• Whale and Dolphin Conservation
  • And many more with activities for everyone!

If your organization works for right whales and would like to participate, please fill out this registration form by April 8, 2016. Each organization is asked to provide a hands-on activity to help engage families in the group's mission. But never fear, you do not need to have programming planned. The Education department at the New England Aquarium can work with you on how to present your work in a family-friendly way.

Feeling Green: Celebrating St. Patrick's Day Aquarium-style

St. Patrick's Day comes once a year, and it gives many Aquarium animals an opportunity to bask in the limelight a bit. These are our most St. Patrick's Day animals, the greenest of the green, the perfect animals to get you in the mood for all the soda bread and green-tinged milkshakes.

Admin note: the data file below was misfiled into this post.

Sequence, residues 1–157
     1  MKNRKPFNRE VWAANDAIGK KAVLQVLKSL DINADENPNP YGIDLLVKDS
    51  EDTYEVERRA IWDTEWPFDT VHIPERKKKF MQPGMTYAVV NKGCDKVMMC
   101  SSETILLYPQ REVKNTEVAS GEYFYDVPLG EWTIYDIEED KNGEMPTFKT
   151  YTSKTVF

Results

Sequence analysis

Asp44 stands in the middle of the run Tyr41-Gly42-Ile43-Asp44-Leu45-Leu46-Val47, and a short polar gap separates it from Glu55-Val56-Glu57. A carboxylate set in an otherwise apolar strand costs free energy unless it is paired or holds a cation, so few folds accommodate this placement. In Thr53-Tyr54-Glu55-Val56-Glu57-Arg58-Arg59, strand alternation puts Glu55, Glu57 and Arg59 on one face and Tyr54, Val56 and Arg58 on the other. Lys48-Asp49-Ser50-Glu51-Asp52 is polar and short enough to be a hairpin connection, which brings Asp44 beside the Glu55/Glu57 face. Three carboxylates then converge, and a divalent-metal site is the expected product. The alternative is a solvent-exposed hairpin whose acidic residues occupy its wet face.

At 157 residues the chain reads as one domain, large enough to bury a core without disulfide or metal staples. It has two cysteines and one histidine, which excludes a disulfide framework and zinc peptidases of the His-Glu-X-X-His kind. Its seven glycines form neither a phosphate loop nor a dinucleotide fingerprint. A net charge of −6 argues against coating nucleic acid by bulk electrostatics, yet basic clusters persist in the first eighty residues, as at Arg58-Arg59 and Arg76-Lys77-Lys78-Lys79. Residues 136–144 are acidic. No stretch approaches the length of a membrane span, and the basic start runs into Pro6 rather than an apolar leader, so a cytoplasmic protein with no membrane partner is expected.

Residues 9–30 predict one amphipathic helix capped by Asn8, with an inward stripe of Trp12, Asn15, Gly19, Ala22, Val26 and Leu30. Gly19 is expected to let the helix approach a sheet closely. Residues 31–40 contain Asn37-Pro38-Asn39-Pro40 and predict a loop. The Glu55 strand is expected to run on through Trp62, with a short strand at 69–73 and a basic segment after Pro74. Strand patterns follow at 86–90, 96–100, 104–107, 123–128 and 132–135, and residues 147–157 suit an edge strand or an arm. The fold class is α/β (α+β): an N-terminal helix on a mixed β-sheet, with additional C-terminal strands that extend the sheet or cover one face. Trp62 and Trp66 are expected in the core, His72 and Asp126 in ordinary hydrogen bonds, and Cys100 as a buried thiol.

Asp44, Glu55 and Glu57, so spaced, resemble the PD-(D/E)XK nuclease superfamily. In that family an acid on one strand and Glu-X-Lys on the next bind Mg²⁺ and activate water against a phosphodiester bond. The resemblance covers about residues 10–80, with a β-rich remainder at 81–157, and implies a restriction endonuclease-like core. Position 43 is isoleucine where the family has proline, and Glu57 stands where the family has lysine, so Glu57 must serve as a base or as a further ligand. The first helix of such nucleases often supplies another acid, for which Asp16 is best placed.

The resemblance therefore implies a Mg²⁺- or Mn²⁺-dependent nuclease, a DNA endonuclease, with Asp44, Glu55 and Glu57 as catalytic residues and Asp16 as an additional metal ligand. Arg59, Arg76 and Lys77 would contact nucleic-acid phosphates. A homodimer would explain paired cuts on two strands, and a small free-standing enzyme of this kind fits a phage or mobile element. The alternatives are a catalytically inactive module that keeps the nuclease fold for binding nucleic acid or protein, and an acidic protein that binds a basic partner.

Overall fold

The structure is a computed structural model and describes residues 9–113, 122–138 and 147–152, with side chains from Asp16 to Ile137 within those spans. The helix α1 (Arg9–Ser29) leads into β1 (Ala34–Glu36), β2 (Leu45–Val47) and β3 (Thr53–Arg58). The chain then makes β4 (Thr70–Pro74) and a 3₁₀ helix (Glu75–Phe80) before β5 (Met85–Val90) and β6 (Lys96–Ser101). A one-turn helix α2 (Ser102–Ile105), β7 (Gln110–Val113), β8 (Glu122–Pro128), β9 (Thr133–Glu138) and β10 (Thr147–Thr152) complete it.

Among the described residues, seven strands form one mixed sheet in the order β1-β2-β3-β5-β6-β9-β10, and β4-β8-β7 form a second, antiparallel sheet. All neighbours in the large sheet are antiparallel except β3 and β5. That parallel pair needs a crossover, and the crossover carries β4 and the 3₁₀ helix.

Green Sea Turtle (Chelonia mydas)

Myrtle the green sea turtle always eats her greens | Photo: Esther Horvath
Seeing Myrtle the green sea turtle is a highlight of any visit to the Aquarium. And at 550 pounds, she's not hard to miss. Get more Myrtle on the Divers Blog.

Green Moray Eel (Gymnothorax funebris)

The divers are always careful when working with the moray eels, what with the eel's razor sharp teeth and all.

Green morays may look menacing, but they are fairly docile animals. We offer them food every day (though some eels will not eat for weeks on end), and because of that we are quick to notice any odd behavior or physical issues. See how a moray eel—with all those teeth—gets a check-up at the Aquarium.

Green anaconda (Eunectes murinus)

Snakes to celebrate St. Patrick's Day — the irony is not lost on us